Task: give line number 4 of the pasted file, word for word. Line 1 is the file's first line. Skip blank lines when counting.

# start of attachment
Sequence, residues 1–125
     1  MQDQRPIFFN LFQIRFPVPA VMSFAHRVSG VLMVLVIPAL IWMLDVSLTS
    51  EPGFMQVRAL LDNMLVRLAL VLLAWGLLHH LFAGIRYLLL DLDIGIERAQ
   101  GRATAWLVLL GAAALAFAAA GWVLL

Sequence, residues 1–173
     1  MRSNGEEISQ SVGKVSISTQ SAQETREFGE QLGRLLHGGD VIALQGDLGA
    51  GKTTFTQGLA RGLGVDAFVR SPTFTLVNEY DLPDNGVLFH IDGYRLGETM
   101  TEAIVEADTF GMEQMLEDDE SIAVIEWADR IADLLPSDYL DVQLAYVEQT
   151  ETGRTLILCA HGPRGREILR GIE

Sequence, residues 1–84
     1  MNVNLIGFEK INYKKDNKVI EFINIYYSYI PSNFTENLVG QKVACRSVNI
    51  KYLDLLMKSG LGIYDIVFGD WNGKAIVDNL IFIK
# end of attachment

   101  GRATAWLVLL GAAALAFAAA GWVLL